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Physician Screening Increases Melanoma Detection Rate

Detection of thinner melanomas and higher detection rate attributed to dermatologist screening

FRIDAY, July 22 (HealthDay News) -- Physician-based screening is associated with higher melanoma detection and detection of thinner melanomas, according to a study published online July 18 in the Archives of Dermatology.

Ivanka Kovalyshyn, D.O., from the Memorial Sloan-Kettering Cancer Center in New York City, and colleagues compared melanoma characteristics and detection patterns in pigmented lesions in new versus established patients in an academic practice of two dermatologists with pigmented skin lesion management expertise. Data from 394 patients with cutaneous melanoma, diagnosed between 1998 and 2008, were used to assess the impact of physician screening on the rate of melanoma detection. The participants were divided into two groups: established patients receiving treatment in a pigmented lesion clinic for at least three months, and new patients.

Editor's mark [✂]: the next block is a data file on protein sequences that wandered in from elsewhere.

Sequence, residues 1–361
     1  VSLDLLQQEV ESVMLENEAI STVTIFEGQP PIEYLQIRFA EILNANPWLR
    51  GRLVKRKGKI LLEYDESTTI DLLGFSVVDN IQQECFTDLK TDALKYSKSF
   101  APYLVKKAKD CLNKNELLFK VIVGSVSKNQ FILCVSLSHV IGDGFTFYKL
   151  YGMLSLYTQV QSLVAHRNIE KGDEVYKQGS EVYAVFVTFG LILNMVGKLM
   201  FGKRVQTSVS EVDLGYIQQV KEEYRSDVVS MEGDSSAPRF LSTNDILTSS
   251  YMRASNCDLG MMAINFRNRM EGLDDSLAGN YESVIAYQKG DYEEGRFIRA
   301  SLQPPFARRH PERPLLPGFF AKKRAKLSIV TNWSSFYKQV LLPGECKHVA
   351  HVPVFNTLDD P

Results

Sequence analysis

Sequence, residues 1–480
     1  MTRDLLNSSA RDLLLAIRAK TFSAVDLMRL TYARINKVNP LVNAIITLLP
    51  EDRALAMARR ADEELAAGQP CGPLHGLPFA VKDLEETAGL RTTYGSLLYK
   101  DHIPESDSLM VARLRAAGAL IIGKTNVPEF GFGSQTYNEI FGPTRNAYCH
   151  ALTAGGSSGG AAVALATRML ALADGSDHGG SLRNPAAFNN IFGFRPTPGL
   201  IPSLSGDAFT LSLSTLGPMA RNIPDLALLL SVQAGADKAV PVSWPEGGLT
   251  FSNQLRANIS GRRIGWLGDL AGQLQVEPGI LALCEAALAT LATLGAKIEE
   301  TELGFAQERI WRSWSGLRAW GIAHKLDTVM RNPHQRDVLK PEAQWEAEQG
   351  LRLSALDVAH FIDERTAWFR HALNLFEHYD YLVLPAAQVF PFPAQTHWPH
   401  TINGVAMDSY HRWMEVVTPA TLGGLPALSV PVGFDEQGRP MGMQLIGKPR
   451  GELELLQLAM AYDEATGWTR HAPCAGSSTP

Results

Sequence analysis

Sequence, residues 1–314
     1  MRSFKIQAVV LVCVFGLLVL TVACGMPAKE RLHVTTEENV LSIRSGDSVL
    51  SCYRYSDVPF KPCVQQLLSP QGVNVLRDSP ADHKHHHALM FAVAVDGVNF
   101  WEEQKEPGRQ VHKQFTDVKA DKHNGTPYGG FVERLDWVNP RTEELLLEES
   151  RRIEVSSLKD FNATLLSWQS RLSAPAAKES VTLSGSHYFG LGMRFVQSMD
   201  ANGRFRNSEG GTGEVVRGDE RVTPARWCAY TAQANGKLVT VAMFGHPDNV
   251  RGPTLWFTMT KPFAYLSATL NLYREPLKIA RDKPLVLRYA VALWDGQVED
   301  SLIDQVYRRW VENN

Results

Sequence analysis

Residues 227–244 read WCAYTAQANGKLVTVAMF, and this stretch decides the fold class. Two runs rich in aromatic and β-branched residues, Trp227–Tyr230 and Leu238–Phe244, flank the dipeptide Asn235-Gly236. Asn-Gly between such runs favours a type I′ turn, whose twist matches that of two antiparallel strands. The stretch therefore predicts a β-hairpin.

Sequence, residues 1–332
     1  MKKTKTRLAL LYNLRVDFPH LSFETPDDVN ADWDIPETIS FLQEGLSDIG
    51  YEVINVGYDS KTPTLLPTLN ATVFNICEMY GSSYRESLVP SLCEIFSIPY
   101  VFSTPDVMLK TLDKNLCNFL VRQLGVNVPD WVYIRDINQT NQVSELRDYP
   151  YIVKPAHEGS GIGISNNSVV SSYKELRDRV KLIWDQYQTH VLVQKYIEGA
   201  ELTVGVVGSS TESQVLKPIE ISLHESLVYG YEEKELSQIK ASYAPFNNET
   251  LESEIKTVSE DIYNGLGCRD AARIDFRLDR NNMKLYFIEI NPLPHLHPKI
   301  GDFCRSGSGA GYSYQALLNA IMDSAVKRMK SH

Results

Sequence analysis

The investigators found that, compared with new patients, established patients had significantly more in situ disease (70 versus 57 percent), significantly thinner invasive melanomas (0.45 mm versus 0.82 mm), and a lower likelihood of negative prognostic attributes, such as ulceration and dermal mitoses. Physicians detected 63 percent of melanomas in new patients, as opposed to 82 percent in established patients. Dermatologist detection was associated with thinner melanomas than self-detected melanomas. A total of 18 percent of all melanomas were patient detected, and change in pre-existing lesion (64 percent) was the most common reason for the detection. Over the 10-year period, the overall benign to malignant biopsy ratio was 5.4:1.

"This study suggests that physician screening leads to higher rates of physician-detected melanoma and detection of thinner melanoma," the authors write.

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